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11-28-2009, 05:47 AM   #1
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Inexpensive High Quality Bright White Continuous Background Paper

I thought I would pass along a neat and very reasonably priced idea I happened across for a wide and very white background. I buy 42"x75' rolls of old HP Polypropylene printer paper for ~$50 including shipping to the west coast. Specifically the last box I bought was HP Q1904A Polypropylene Matte Roll.

I just it just for product shots, and yeah I would love a sheet of Perspex but, I have yet to figure out exactly what to order....hehehehe....so in the mean time I hang the roll on the wall, then feed it or roll it out as I need for that day.

I really like the paper because it reacts very well to flash or other lighting, no hot spots for me at all.

Here are the rolls I buy, but I am sure there are other options/sellers:
Genuine HP Q1904A Polypropylene Matte Roll 42in X 75ft - eBay (item 380180927197 end time Dec-03-09 08:30:40 PST)
{obviously that link will eventually be none fucntional but you should get the idea and find some similar option}

Just thought it was a great way to save some cash vs. buying essentially the same paper for a background but having it tagged as for photography at 10x the price.

12-03-2009, 01:47 PM   #2
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Thanks for the tips.

i didn't buy the 42 inch stuff, but I found some 36 inch (the size that I needed for my product shots) for even less. I was delivered today- nice stuff.
12-03-2009, 02:11 PM   #3
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Oh, cool!! glad something I posted was of use to someone!

Have ya taken any shots using it yet? I like that using it as a background is a nice way to make use of old products which might otherwise go to waste.
12-05-2009, 05:33 PM   #4
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I bought a 48" wide white vinly roll-up blind to do some product photos with. Unfotunately it has a seam running down it but with enough flash power, the white over-exposes and all you get is the product sitting on the white blind.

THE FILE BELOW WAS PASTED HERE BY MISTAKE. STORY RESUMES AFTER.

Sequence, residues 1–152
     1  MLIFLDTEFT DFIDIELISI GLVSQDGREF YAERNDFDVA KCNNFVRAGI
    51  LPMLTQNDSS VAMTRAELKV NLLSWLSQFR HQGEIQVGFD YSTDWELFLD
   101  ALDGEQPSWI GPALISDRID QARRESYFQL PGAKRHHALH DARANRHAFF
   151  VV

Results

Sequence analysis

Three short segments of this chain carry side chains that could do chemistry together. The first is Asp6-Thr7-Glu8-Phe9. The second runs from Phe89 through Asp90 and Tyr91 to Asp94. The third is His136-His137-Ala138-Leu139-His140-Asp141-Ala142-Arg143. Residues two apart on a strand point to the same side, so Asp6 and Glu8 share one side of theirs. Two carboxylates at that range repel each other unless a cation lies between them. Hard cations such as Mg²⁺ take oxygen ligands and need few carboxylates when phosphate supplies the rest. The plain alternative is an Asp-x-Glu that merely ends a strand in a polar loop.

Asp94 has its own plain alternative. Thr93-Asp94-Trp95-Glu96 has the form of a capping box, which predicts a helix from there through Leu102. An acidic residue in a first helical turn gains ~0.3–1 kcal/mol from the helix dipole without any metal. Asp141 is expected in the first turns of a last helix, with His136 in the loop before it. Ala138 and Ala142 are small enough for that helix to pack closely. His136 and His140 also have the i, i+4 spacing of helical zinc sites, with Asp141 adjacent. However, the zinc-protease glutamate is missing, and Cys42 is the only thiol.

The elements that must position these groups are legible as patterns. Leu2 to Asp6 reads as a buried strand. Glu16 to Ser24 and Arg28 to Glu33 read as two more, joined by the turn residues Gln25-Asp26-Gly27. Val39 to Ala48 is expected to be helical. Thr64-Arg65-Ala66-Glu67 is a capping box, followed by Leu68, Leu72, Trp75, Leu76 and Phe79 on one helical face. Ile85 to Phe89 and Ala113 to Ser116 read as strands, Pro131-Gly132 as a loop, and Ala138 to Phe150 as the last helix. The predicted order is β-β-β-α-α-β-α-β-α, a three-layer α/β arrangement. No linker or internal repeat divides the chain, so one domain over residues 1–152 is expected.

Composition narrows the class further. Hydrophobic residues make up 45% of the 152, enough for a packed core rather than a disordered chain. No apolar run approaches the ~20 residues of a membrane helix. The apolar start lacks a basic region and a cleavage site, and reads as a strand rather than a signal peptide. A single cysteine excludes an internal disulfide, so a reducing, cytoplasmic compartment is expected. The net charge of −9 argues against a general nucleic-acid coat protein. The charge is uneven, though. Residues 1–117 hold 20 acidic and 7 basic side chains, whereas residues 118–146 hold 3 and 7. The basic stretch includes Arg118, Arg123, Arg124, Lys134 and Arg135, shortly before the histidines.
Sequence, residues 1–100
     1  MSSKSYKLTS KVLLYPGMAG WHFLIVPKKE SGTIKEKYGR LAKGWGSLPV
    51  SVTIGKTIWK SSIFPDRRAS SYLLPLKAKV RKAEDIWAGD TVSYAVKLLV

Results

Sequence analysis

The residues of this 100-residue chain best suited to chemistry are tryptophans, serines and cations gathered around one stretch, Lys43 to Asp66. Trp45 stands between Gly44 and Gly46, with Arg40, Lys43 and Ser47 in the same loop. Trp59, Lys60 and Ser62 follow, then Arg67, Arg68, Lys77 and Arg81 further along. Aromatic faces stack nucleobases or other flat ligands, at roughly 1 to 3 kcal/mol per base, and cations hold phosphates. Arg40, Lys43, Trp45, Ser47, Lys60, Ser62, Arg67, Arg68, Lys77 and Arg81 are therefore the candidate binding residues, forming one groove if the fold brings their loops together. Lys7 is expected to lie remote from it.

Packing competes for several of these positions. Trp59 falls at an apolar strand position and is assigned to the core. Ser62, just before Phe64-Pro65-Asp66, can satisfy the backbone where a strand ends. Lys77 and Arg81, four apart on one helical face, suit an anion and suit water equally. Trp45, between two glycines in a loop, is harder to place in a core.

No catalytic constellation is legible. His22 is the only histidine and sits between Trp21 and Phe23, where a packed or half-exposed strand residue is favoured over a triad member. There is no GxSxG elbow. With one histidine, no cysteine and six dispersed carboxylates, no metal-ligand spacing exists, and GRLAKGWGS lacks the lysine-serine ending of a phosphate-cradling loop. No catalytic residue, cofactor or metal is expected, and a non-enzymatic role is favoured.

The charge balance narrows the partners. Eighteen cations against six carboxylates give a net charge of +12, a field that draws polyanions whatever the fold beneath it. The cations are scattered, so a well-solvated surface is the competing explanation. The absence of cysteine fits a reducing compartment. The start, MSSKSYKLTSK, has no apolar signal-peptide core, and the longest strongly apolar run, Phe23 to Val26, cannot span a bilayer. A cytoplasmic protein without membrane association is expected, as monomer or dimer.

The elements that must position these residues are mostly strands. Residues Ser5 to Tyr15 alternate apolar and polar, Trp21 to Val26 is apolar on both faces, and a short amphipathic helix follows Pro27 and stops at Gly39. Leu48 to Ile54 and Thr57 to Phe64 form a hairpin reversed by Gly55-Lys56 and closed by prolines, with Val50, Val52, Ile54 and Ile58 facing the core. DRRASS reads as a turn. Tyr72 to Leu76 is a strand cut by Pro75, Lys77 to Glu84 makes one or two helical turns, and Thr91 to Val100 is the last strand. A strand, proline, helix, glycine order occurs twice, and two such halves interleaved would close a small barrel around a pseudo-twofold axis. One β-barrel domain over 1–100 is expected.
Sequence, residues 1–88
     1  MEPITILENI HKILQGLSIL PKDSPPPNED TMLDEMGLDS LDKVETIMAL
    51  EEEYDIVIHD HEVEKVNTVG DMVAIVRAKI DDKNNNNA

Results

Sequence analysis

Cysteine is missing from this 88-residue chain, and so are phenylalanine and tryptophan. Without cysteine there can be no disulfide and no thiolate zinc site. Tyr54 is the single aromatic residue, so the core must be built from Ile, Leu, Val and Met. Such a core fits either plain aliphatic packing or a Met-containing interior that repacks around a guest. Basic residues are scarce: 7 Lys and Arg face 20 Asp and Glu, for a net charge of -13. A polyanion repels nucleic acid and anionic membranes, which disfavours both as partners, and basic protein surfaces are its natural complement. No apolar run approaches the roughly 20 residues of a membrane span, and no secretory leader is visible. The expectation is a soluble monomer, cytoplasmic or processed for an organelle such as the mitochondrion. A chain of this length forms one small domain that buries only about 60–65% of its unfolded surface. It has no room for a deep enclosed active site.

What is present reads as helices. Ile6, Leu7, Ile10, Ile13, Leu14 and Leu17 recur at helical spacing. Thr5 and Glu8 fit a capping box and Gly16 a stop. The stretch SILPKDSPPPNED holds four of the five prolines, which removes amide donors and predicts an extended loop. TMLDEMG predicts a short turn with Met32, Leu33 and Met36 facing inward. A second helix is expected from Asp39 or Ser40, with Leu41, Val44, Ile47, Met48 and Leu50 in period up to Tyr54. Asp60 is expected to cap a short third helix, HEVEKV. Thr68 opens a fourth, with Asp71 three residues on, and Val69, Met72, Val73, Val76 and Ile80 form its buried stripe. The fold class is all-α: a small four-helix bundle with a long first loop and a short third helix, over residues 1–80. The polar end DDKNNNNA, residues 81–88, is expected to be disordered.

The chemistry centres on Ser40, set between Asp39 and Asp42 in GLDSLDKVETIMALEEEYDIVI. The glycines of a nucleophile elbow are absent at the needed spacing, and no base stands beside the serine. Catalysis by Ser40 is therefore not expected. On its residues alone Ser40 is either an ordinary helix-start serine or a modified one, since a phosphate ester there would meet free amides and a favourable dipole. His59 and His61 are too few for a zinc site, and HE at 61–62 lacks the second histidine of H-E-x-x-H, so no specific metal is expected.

12-07-2009, 05:59 AM   #5
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Yes I have used it. Now I just need to find something in black for taking pictures of white and light colored items. I recently tried blue on an item and it really hurt thae final price at action. White and black only for me from now on!

Any Ideas on a quality, lint free, seamless black back ground product for a gal on a tight budget??

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(When I refurbish a machine, In addition to photos of the machine, I take some photos during the process to illustrate the quality and extent of the service work that has been done. This shot is some of the non-eletrical parts of a Singer model 99K sewing machine- cleaned and ready for re-assembly and adjustment)

Last edited by Sew-Classic; 12-07-2009 at 07:20 AM.
12-07-2009, 07:53 AM   #6
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QuoteOriginally posted by Sew-Classic Quote
Yes I have used it. Now I just need to find something in black for taking pictures of white and light colored items. I recently tried blue on an item and it really hurt thae final price at action. White and black only for me from now on!

Any Ideas on a quality, lint free, seamless black back ground product for a gal on a tight budget??

Attachment 49023

(When I refurbish a machine, In addition to photos of the machine, I take some photos during the process to illustrate the quality and extent of the service work that has been done. This shot is some of the non-eletrica parts of a Singer model 99K sewing machine- cleaned and ready for re-assembly and adjustment)
Wonderful shots of the sewing machine parts...really nicely laid out. I have my Mom's old Singer Portable (I forget the number/name, Featherweight??, but it's the one everyone had to have but I waited to long to sell it and will now prolly get 1/3 of what they were selling for 8ish years back...sigh, such is life...hehehehe)

Anyway, I hear you about simple black & white background for many items. Blue is great for old Victoria Silverplate or something along the same lines but still is tough for product shots.